job. 



XI 



New possibilities crowded into the thoughts of 
Mr. Barnes as he heard this unexpected statement. 
Berial hired Morgan to procure the wagon ! Did it 
follow, then, that Berial was the principal, or was 
he in turn but the tool of another ? Amos Quadrant 
had confessed that secretly it had not been his wish 
to have his brother cremated. Yet his was the 



>> 



The Phoenix of Crime 117 

authority which had engaged the undertaker and 
directed the funeral. Had he chosen to avoid the 
cremation without permitting the widow to know 
that his will accomplished her wish, how easy for 
him to engage the. undertaker to carry out his pur- 
pose, oddly planned as it was ! How readily might 
the poor undertaker have been bribed by this wealthy 
man to take the risk ! After all, if this were the ex- 
planation, wherein lay the crime ? By what name 
would it be designated in the office of the district 
attorney ? Yet, even now, when all seemed known, 
two unexplained facts stood out prominently. How 
was it that the foot of the deceased Quadrant showed 
no scar ? And what of the assertion made by Mr. 
Mitchel that a human body had been cremated ? 
Could it be that Berial, taking advantage of the op- 
portunity offered by his employer, had secretly dis- 
posed of some other body, while merely supposed 
to have removed Rufus Quadrant from his coffin ? 
If so, whose body was it that had been cremated, 
and how could identification be looked for among 
the ashes in the urn at the cemetery ? Mr. Barnes 
was chagrined to find such questions in his mind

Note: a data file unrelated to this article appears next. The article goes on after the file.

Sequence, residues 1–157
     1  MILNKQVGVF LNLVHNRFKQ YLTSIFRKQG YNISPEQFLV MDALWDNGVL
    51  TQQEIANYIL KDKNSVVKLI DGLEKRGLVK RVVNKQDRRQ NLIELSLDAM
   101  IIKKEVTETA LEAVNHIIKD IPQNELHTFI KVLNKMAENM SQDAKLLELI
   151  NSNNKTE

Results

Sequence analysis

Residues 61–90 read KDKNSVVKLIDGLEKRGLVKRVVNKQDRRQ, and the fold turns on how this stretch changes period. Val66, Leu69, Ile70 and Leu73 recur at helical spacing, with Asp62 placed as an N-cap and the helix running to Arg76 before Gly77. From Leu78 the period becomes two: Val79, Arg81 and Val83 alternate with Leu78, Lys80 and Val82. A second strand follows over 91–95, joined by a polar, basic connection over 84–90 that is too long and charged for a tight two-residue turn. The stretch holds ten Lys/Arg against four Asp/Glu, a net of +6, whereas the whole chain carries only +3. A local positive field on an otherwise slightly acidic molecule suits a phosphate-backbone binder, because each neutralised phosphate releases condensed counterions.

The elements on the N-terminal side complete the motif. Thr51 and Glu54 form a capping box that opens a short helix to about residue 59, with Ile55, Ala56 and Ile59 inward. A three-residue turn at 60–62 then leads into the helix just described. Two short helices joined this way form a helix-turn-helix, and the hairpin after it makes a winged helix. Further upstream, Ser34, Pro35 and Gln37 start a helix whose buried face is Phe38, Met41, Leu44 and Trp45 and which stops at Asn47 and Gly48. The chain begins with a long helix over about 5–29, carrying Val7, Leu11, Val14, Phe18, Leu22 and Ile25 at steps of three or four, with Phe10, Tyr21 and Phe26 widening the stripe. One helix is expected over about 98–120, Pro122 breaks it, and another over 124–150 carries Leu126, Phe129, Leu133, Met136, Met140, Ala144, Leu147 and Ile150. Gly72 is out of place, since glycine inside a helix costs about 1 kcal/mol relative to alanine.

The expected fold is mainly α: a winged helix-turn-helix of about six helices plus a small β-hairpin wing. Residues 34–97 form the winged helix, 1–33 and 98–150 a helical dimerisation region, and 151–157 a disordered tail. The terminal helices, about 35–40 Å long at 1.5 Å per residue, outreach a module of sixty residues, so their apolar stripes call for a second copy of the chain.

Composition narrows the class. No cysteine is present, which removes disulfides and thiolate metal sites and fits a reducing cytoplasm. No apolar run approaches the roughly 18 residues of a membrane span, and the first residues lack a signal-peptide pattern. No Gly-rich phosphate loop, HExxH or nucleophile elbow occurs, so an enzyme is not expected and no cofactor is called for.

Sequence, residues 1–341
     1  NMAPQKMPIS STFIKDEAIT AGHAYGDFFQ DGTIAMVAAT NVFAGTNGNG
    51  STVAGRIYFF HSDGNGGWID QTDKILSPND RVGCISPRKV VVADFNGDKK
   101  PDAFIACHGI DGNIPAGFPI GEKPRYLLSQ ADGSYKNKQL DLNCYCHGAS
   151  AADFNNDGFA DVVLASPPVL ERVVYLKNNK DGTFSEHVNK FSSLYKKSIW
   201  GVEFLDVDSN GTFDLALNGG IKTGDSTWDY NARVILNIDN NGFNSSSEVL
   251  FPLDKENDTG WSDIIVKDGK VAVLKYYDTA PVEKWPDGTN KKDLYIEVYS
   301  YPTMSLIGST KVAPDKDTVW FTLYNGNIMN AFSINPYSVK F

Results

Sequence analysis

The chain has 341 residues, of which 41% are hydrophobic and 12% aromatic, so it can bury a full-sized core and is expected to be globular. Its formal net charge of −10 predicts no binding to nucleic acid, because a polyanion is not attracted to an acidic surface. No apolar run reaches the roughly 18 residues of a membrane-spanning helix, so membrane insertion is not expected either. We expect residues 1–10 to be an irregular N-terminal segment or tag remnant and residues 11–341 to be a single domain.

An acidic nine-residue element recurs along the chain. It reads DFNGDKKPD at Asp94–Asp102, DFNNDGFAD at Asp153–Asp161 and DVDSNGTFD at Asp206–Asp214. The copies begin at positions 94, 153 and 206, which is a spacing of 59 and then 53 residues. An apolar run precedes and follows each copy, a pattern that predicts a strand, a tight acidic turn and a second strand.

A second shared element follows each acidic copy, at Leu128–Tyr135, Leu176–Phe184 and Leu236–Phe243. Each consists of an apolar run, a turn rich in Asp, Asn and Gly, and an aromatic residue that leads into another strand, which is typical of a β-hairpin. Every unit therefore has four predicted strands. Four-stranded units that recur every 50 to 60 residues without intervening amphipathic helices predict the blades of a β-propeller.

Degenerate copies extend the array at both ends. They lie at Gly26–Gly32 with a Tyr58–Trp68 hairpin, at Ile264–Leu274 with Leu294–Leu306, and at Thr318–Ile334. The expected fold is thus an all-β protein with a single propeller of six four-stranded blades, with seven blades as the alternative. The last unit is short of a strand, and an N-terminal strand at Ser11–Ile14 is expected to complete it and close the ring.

with no answer, when Mr. Mitchel might arrive with 
his promised surprise at any moment. Perhaps 
Morgan was lying when he accused the undertaker. 

** Have you been able yet,'* asked Mr. Barnes, 
** to verify any part of this man's story ? " 

** Well, we only arrived at six this morning, but 
I may say yes, I have found some corroborative 
evidence." 



ii8 The Phoenix of Crime 



1 1 
1 1 



i * 



1 1 



What ? " 

I have the shroud in which Rufus Quadrant was 
dressed in his coffin.** 

That is important. Where did you find it ? '* 
In quite- a suggestive place. It was locked up 
in old Beriars private closet at the shop, which we 
searched this morning.** 

** That certainly is significant. But even so, Tom, 
how do we know that this Morgan, who robs the 
dead and has duplicate screw-drivers for opening 
patented coffin fastenings, would hesitate to place a 
shroud where it would seem to substantiate his ac- 
cusation of another ? ** 

** We do not know positively, of course. We 
have not fully solved this mystery yet, Mr. Barnes.** 

** I fear not, Tom,** said Mr. Barnes, glancing at 
the clock as he heard a voice asking for him in the 
adjoining office ; " but here comes a man who claims 
that he has done so.** 

Mr. Mitchel entered and saluted the two men 
cordially, after receiving an introduction to the 
younger. 

'* Well, Mr. Barnes,** said Mr. Mitchel, " shall I 
surprise you with my story, or have you two gen- 
tlemen worked it all out ? '* 

** I do not know whether you will surprise us or 
not,** said Mr. Barnes. ** We do not claim to have